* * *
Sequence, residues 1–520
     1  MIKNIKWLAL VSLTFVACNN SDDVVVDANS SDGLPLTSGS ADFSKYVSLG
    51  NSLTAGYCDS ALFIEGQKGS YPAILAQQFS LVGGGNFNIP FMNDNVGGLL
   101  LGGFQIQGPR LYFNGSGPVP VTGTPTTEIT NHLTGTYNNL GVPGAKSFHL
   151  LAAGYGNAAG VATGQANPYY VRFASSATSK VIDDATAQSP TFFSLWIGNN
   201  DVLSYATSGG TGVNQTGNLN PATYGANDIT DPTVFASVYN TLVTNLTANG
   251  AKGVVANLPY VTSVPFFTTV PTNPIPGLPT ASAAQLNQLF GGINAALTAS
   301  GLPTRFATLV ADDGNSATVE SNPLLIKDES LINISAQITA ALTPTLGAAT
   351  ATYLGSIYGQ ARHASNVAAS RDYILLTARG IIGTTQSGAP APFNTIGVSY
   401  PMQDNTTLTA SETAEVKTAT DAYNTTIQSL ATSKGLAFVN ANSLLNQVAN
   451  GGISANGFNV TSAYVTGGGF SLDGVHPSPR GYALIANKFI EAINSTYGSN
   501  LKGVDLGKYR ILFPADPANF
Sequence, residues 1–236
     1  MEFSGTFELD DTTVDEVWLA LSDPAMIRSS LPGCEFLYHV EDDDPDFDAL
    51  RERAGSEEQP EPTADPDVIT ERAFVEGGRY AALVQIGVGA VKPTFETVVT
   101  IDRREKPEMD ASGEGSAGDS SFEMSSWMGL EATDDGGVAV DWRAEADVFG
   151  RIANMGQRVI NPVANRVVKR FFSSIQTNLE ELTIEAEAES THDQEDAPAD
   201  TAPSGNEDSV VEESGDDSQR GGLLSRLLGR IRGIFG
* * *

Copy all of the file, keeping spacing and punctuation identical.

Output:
Sequence, residues 1–520
     1  MIKNIKWLAL VSLTFVACNN SDDVVVDANS SDGLPLTSGS ADFSKYVSLG
    51  NSLTAGYCDS ALFIEGQKGS YPAILAQQFS LVGGGNFNIP FMNDNVGGLL
   101  LGGFQIQGPR LYFNGSGPVP VTGTPTTEIT NHLTGTYNNL GVPGAKSFHL
   151  LAAGYGNAAG VATGQANPYY VRFASSATSK VIDDATAQSP TFFSLWIGNN
   201  DVLSYATSGG TGVNQTGNLN PATYGANDIT DPTVFASVYN TLVTNLTANG
   251  AKGVVANLPY VTSVPFFTTV PTNPIPGLPT ASAAQLNQLF GGINAALTAS
   301  GLPTRFATLV ADDGNSATVE SNPLLIKDES LINISAQITA ALTPTLGAAT
   351  ATYLGSIYGQ ARHASNVAAS RDYILLTARG IIGTTQSGAP APFNTIGVSY
   401  PMQDNTTLTA SETAEVKTAT DAYNTTIQSL ATSKGLAFVN ANSLLNQVAN
   451  GGISANGFNV TSAYVTGGGF SLDGVHPSPR GYALIANKFI EAINSTYGSN
   501  LKGVDLGKYR ILFPADPANF
Sequence, residues 1–236
     1  MEFSGTFELD DTTVDEVWLA LSDPAMIRSS LPGCEFLYHV EDDDPDFDAL
    51  RERAGSEEQP EPTADPDVIT ERAFVEGGRY AALVQIGVGA VKPTFETVVT
   101  IDRREKPEMD ASGEGSAGDS SFEMSSWMGL EATDDGGVAV DWRAEADVFG
   151  RIANMGQRVI NPVANRVVKR FFSSIQTNLE ELTIEAEAES THDQEDAPAD
   201  TAPSGNEDSV VEESGDDSQR GGLLSRLLGR IRGIFG